A plague of locusts is threatening Melbourne’s Cup race and experts are predicting mass damage to crops. The locust plague is thought to be the worst in 75 years and farmers are preparing to tackle huge swarms across Victoria, NSW and South Australia. The Victorian government has already invested $43 million in fighting the plague, which threatens $2 billion worth of crops. “This is a war on locusts, I want to be absolutely clear about this,” Premier John Brumby said on Thursday. “We’re doing everything we can to get on top of this.”

A quarter of Victoria’s crops are in danger of being eaten by the locusts as is the Flemington track, where the prestigious Melbourne Cup is held each year. Brumby said: “[The locust plague] has got the potential to close events like Melbourne Cup Day and country race carnivals so we are doing everything we can to get on top of this.” Farmers are being reimbursed for the full cost of locust spraying, and two incident control centres will be opened next week.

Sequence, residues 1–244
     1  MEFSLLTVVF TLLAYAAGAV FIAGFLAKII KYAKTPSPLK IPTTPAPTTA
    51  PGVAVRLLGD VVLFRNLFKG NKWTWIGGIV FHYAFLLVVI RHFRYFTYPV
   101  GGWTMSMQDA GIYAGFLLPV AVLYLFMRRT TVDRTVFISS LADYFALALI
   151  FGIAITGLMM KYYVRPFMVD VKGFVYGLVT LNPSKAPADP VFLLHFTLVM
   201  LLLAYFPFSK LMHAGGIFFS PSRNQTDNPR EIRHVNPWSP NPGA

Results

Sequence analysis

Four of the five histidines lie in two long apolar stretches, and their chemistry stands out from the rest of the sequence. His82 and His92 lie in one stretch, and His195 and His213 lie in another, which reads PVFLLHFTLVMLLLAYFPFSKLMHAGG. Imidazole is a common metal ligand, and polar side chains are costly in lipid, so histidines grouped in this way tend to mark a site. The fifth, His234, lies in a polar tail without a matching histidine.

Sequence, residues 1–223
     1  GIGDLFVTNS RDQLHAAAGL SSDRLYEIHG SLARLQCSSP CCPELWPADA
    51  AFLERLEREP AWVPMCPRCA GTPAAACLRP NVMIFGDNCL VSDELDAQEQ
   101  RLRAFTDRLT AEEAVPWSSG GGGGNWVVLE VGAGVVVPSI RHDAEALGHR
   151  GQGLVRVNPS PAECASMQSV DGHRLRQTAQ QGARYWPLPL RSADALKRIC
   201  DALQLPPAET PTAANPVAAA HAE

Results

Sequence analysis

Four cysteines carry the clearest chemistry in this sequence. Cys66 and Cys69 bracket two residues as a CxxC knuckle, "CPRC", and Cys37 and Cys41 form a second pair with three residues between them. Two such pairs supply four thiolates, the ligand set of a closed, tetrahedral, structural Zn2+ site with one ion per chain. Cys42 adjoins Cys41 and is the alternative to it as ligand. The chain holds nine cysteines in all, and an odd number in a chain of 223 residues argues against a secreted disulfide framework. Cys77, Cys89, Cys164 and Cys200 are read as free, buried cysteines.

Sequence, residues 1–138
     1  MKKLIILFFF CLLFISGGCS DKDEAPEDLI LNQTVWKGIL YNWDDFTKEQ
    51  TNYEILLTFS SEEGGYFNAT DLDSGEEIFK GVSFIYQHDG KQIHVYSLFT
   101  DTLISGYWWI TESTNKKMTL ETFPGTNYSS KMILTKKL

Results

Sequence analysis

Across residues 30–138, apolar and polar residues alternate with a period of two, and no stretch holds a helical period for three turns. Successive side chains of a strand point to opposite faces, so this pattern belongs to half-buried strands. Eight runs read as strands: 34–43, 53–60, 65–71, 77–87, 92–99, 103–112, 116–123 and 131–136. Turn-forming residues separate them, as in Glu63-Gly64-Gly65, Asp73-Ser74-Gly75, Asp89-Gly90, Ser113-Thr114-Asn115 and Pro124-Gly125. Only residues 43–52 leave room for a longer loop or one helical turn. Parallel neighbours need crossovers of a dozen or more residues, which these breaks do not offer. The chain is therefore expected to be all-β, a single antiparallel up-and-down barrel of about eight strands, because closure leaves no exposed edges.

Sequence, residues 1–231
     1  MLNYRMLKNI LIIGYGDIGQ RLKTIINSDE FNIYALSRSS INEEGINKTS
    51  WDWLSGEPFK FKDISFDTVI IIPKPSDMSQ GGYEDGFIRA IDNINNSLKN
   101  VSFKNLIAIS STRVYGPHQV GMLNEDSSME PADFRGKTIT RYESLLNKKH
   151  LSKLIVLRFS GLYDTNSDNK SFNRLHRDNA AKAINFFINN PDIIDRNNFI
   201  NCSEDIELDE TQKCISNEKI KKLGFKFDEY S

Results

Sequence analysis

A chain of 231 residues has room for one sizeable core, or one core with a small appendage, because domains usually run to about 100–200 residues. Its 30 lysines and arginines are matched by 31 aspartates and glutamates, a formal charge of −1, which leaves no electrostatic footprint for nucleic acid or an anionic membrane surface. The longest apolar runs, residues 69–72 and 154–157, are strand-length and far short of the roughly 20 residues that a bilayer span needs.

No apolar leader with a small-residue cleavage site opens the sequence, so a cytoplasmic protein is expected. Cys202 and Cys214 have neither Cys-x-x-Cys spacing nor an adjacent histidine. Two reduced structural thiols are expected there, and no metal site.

Conditions have been prime for locusts this year, with summer rainfall in Queensland and NSW allowed native grasses to flourish, providing perfect breeding conditions for locusts. Swarms then moved south, laying eggs over an area of Australia about the size of Spain. Russell Amery, president of the Victorian Farmers Federation’s grain group, predicted that “all hell will break loose” in a few weeks. “They can take a paddock from green to bare dust in a matter of hours,” he said.